Throughout our history, humans have been putting things into our mouths and involuntarily ingesting microorganisms and bacteria. Some are bad for us, but some of the billions of microbes present in our guts are vital to our health. The World Health Organization defines probiotics as “live microorganisms which, when administered in adequate amounts, confer a health benefit on the host.” There are about 1,000 species of bacteria from four taxonomic groups living in our gut, and, although the population is highly dynamic, it is critical in developing and shaping the gut immune system, and it’s vital for us to keep
Since 1998, when the Nobel Prize in medicine was awarded for the work on nitric oxide (NO) as a signalling molecule that was responsible for dilation of the blood vessels, research in NO has accelerated rapidly.
In the mid 1990’s two independent research teams from University of London and the Karolinska Institute in Sweden found that NO could be generated from nitrates that were abundant in green leafy vegetables like spinach, lettuce, kale and especially beetroot. This requires the activation of the NOx 3,2,1 pathway to be fully operational. In effect, nitrates consumed in foods are reduced by oral bacteria into nitrites and then in the stomach into NO.
Since then, other research groups have joined the effort to uncover nitrate’s amazing ability to generate NO that is quicker and much more efficient than the previously known pathway via the amino acid l-arginine. Unlike, l-arginine which is only operational in conditions with good oxygen and is dependent on the proper functioning of a family of enzymes called nitric oxide synthases (NOS), nitrates offer an alternate pathway (albeit a backup) for the body to generate the versatile NO molecule quickly at low doses and in low oxygen conditions! The latter is an important factor especially during a number of pathologies where oxygen is a factor and there isn’t enough supply to the tissues. For example, people with asthma, emphysema, chronic pulmonary obstructive disease (COPD), heart disease, Raynaud’s disease as well as other diseases where the circulation is poor and of course for athletes. During an intense period of exertion, the tissues, particularly the muscles will be oxygen deprived, under such conditions l-arginine will convert into NO very poorly if at all. In fact, a recent publication shows that l-arginine does very little for an athlete. An athlete can quickly go into hypoxia or lack oxygen when there is an urgent need for NO to be generated. Nitrates can offer an easy solution to this predicament.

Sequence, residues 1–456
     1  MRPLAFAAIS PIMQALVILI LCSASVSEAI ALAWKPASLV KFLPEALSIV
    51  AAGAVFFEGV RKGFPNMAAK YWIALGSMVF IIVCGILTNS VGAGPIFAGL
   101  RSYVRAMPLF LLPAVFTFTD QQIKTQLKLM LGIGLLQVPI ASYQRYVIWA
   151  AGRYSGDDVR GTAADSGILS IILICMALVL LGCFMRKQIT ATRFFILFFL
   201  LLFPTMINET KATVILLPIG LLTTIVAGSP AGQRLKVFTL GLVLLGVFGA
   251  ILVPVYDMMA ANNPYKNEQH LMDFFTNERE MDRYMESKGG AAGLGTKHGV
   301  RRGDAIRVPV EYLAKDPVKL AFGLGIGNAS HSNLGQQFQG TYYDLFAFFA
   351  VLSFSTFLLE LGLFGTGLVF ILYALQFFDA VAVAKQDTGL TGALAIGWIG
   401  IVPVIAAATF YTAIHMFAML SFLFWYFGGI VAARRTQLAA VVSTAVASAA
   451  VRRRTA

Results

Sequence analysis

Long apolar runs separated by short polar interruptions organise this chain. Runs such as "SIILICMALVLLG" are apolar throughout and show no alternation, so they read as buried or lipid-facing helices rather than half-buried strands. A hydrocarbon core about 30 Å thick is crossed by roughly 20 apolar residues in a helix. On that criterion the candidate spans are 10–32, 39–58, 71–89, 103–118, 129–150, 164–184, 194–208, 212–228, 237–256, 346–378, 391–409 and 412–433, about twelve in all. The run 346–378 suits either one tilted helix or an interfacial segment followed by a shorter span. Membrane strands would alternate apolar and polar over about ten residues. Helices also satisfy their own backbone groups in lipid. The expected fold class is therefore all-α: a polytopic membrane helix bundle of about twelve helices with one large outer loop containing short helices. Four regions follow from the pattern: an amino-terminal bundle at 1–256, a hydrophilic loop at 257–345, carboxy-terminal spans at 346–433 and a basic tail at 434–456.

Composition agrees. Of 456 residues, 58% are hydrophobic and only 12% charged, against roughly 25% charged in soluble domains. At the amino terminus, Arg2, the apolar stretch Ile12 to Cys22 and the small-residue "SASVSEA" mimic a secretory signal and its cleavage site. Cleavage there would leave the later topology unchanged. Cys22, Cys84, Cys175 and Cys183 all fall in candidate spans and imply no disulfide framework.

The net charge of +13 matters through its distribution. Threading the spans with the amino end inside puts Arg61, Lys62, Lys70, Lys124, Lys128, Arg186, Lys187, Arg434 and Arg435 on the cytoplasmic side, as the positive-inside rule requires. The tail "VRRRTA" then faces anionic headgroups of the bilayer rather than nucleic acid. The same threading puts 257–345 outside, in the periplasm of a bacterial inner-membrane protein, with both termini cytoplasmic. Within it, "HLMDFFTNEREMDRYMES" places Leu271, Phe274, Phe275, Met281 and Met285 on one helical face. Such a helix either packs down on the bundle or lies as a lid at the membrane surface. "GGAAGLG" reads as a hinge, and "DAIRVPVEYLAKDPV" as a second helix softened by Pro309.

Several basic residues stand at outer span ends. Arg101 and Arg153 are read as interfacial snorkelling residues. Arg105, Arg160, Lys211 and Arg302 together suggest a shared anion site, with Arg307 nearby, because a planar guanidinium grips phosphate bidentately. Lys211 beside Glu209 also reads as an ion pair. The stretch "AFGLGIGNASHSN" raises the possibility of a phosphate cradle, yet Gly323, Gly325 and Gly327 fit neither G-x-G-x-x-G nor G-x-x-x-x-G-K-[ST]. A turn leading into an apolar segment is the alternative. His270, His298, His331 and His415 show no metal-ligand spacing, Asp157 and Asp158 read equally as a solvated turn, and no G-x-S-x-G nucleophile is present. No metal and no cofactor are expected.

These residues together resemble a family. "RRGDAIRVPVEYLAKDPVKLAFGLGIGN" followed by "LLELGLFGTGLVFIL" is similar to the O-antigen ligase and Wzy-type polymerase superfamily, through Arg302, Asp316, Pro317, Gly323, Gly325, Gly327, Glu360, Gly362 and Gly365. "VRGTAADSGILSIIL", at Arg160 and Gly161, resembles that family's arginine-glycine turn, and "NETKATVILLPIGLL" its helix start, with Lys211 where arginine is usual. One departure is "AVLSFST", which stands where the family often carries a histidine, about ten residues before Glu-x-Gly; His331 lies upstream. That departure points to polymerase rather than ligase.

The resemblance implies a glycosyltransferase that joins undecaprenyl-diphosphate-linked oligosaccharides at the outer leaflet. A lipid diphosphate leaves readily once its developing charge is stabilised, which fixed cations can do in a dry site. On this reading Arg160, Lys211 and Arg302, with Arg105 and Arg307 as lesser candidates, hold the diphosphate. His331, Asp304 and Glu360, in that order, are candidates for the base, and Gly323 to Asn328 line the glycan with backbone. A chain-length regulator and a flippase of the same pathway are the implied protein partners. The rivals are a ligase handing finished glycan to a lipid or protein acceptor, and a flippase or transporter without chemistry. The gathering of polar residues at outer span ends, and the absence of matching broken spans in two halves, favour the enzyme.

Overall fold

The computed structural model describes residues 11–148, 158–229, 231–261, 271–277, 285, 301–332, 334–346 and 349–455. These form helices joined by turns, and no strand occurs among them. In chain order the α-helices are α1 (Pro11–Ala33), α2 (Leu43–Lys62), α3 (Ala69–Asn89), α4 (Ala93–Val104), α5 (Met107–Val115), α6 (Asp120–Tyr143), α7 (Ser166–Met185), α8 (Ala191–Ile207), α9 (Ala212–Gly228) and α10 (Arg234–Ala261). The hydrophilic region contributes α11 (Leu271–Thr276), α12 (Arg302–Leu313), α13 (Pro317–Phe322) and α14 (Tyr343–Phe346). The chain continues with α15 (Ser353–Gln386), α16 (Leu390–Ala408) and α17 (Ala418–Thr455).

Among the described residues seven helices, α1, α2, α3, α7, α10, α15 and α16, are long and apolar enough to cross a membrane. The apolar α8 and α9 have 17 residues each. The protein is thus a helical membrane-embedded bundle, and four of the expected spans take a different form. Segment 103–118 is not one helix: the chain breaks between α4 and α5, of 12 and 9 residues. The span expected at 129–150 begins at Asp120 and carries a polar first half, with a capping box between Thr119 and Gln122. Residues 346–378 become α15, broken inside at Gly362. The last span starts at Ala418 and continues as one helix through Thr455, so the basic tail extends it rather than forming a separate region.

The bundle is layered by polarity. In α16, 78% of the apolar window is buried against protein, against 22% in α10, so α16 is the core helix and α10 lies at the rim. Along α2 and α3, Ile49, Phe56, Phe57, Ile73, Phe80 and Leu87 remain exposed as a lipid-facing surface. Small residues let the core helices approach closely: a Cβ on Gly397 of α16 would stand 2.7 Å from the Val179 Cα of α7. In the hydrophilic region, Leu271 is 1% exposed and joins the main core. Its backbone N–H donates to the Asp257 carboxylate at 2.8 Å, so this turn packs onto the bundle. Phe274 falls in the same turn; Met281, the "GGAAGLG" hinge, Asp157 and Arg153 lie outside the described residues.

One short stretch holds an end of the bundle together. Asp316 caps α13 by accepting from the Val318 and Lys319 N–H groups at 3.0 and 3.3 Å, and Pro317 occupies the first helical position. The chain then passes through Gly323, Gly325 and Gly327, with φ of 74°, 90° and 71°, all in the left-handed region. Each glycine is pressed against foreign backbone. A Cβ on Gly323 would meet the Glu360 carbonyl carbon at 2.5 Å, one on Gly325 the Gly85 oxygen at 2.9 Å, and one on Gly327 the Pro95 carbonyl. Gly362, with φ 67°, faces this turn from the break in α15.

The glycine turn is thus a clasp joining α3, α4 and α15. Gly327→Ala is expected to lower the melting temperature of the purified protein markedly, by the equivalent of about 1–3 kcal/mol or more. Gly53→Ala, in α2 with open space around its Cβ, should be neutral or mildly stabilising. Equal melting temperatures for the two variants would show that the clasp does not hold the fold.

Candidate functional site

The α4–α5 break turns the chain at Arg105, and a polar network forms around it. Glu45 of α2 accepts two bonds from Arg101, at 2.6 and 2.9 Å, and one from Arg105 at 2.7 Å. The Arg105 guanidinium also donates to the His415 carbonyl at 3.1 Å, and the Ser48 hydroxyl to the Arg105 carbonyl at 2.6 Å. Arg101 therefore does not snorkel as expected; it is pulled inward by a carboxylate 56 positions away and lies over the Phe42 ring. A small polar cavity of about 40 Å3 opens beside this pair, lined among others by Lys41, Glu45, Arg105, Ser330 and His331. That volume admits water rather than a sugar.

Numerous recent studies suggest that nitrates do indeed improve the exercising capabilities of an athlete! More specifically, human cycling and intense ergonomic studies show that a prior intake of nitrates will reduce oxygen cost meaning for the same amount of oxygen an athlete can work that much harder and that much longer. The mechanism behind this is thought to be due to improved mitochondrial efficiency as well as improved circulation with consequent improved nutrient availability.
To date there are seven human studies showing that nitrates impact health in a positive way including reducing blood pressure, preventing formation of thrombi (clots that can cause heart attack and/or stroke), improvement in blood vessel elasticity, neuro protection in cardiac arrest survivors and of course in exercise physiology. In addition, there is plenty of animal data that confirms raised NO levels via intake of nitrates will prevent heart damage, reduce angina, enhance immune function, reduce bacterial, viral and fungal diseases and have an anti-inflammatory effect. An intriguing application of nitrates might be in severely ill patients in the intensive care unit who are in a special predicament concerning the nitrate-nitrite-NO pathway for several reasons. The nutrition provided in the ICU is extremely low in nitrate (it’s pretty low in hospital food in general!) and due to sedation and intubation (a tube in the mouth), these patients have reduced production and swallowing of saliva. Many such patients are treated with a broad spectrum of antibiotics which can affect their oral nitrate being properly reduced by bacteria on the tongue. Moreover, these patients are often colonised with bacteria in their stomach which may be responsible for ventilator-associated pneumonia via regurgitation into the airways. Future clinical studies may reveal that gastric supplementation of nitrates/nitrites via intravenous drip may protect the gastric mucosa and prevent bacterial colonization.